This site contains affiliate links to products. We may receive a commission for purchases made through these links. Learn more

This is England '90: The End of the Saga

This is England '90: The End of the Saga

This is England '90: The End of the Saga

This is England '90 marks the end of the saga of Lol, Woody, Shaun and the gang. Possibly. We gather the three main stars - Vicky McClure, Joe Gilgun and Thomas Turgoose - for a messy farewell chat

"Make sure you print this," says Joe Gilgun, telling a story about the previous night's This Is England '90 launch event. "I'm outside having a spliff and there's a young girl on the floor. She's eating Monster Munch, it's all in her hair and everything. A bonny-looking girl, but on the floor on her own, eating Monster Munch. There's a lunatic walking around talking himself and it's fucking three in the morning, so this security guy goes over: 'You all right? Do you want a taxi?'

“She didn’t acknowledge him, so I shouted at her for being rude. I’ve been in some states, but I can always lift my head. I said, ‘You fucking look at me. He’s trying to help you. You’re a disgrace – get in a taxi and go home.’ She goes [does slurry voice], ‘Are you from This Is England?’, ‘Yeah, I am’, ‘I’m talking about you on GMTV in the morning.’ I’d love to have seen it.”

Her condition was probably to do with the free wine, booming Nineties DJ set and endless supply of Nineties-style crisps; so ‘Nineties-ised’ was she, she even thought GMTV was still on TV.

Most launches aren’t like that, but then most TV shows aren’t like This Is England. Fuelled by drugs, booze, music, friendship, violence and a rare eye for the drama of normal life, it’s taken viewers on a rollercoaster ride of laughter, fear, depression, joy and misery for a decade. These ingredients have seen director Shane Meadows’ quasi-autobiographical film and subsequent TV series set in 1986, 1988 and, now, 1990, go from cult hits to national treasures. If you declared it the best British TV of the past decade, few would laugh.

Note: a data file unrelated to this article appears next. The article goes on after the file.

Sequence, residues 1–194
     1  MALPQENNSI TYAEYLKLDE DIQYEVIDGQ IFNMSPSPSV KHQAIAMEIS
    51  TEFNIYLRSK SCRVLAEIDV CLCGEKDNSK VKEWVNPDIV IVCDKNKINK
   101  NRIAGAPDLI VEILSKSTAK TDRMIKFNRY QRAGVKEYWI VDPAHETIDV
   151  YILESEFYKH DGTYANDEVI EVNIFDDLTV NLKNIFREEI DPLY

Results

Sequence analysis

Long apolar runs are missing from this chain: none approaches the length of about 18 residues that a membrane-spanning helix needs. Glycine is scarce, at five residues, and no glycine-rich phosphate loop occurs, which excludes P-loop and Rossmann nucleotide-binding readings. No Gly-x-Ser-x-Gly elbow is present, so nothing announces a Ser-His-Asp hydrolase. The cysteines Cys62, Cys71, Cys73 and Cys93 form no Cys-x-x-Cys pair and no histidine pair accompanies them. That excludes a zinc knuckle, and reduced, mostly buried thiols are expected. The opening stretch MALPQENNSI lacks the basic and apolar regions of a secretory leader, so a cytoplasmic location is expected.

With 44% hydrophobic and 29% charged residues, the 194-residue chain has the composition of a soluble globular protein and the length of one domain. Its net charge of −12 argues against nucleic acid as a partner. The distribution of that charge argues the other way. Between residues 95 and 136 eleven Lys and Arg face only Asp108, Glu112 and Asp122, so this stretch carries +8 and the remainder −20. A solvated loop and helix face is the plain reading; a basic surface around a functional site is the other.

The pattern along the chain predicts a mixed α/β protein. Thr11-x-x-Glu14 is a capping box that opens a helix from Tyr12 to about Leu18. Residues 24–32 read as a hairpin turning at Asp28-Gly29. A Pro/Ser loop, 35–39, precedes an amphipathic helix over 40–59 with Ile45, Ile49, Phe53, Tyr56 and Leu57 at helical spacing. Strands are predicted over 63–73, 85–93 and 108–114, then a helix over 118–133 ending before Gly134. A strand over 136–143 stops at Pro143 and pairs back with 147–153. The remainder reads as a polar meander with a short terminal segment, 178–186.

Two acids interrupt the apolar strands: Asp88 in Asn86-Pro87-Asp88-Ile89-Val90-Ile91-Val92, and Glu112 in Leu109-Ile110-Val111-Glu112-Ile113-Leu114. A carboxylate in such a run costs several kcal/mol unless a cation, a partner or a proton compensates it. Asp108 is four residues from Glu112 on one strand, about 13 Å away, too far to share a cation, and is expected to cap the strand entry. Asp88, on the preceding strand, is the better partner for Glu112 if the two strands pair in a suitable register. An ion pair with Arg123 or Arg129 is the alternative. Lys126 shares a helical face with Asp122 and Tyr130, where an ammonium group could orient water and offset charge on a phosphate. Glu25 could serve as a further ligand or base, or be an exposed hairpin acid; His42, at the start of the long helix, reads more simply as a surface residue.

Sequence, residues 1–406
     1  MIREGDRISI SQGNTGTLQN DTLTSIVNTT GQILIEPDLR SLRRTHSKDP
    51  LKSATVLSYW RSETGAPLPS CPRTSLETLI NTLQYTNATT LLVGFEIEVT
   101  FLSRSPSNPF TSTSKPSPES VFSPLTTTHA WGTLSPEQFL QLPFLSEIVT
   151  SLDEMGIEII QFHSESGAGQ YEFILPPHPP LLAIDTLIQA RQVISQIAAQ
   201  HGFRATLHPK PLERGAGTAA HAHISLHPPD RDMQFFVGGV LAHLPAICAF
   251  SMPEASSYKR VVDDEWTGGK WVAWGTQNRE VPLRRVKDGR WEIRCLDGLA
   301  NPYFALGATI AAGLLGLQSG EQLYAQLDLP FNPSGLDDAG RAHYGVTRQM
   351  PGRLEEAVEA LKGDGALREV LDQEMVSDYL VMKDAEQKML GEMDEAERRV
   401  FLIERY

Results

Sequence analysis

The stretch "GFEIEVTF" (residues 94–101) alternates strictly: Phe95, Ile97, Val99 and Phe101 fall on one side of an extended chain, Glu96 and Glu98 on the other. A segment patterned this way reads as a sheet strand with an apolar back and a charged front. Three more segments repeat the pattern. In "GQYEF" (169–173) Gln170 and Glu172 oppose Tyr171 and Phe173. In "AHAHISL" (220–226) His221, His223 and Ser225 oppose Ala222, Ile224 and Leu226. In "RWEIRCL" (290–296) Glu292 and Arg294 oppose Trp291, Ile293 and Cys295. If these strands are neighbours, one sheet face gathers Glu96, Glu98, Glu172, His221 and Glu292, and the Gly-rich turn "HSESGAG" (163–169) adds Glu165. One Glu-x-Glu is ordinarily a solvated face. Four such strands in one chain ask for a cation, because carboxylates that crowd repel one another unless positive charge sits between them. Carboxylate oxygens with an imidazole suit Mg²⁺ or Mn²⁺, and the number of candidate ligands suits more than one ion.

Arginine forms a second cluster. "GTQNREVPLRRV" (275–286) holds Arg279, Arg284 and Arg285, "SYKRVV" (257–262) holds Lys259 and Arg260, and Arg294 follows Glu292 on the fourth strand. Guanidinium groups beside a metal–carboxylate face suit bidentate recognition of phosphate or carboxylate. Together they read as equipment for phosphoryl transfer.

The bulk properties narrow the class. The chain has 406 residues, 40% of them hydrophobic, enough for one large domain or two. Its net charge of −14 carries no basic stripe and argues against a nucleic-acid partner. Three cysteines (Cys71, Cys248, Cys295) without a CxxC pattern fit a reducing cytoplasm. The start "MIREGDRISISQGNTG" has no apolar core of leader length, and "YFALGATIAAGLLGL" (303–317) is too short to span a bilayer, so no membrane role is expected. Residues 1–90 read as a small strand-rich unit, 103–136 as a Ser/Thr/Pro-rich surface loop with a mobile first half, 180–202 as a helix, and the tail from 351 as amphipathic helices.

Its young cast have grown up together; the fully improvised nature of the show meaning characters and actors are blurred. Three of the gang are here now, waiting to be smeared in paint for our cover shoot (a nod to the cover of The Stones Roses’ first album, which, it’s no spoiler to say, features heavily in the show). Gilgun is fidgeting on an armchair, while Vicky McClure and Thomas Turgoose bookend a sofa; shoes off, feet up. We’re in a London studio, but this could be Woody, Lol and Shaun (their respective characters) relaxing at home – if they’d had more prosperous lives. That said, going by the first episode of ’90, prosperity might be on the cards.

Turgoose first starred as Shaun aged 14

The series starts a bit cheerily. What happened there?

VM: I tell you what, though, strap yourself in. It starts so nice because it gets so bloody dark. It’s different to the other episodes.

JG: I’ve enjoyed this last one the most, not because it’s the last one – it’s heart-breaking – but I can see what we’ve achieved. You’re choosing what you do with your character. It’s so fucking rare. Some directors play at it, but end up shitting themselves. With Shane, you have to trust him.

It’s not really the last one, is it?

VM: Shane said it’s a full stop with a pencil, so let’s go with that.

Did filming get emotional?

VM: Oh, I was in bits.

TT: Weird, wasn’t it? It’s the end of the series, but we’re going to stay in touch. So it’s not the end for us.

VM: When we get back together, everything is heightened – the trauma, drama, gossip, day-to-day living. Emotions run high. Then it gets to the end, and the scene we all wrapped in was very emotional.

TT: When Gadget dies. [All laugh]

JG: Gadget’s dick falls off and he bleeds to death in a church. No, that last scene is incredibly moving. We’re dancing to a song – I don’t want to say too much.

TT: It’s one of them where you’ll always remember just how it was.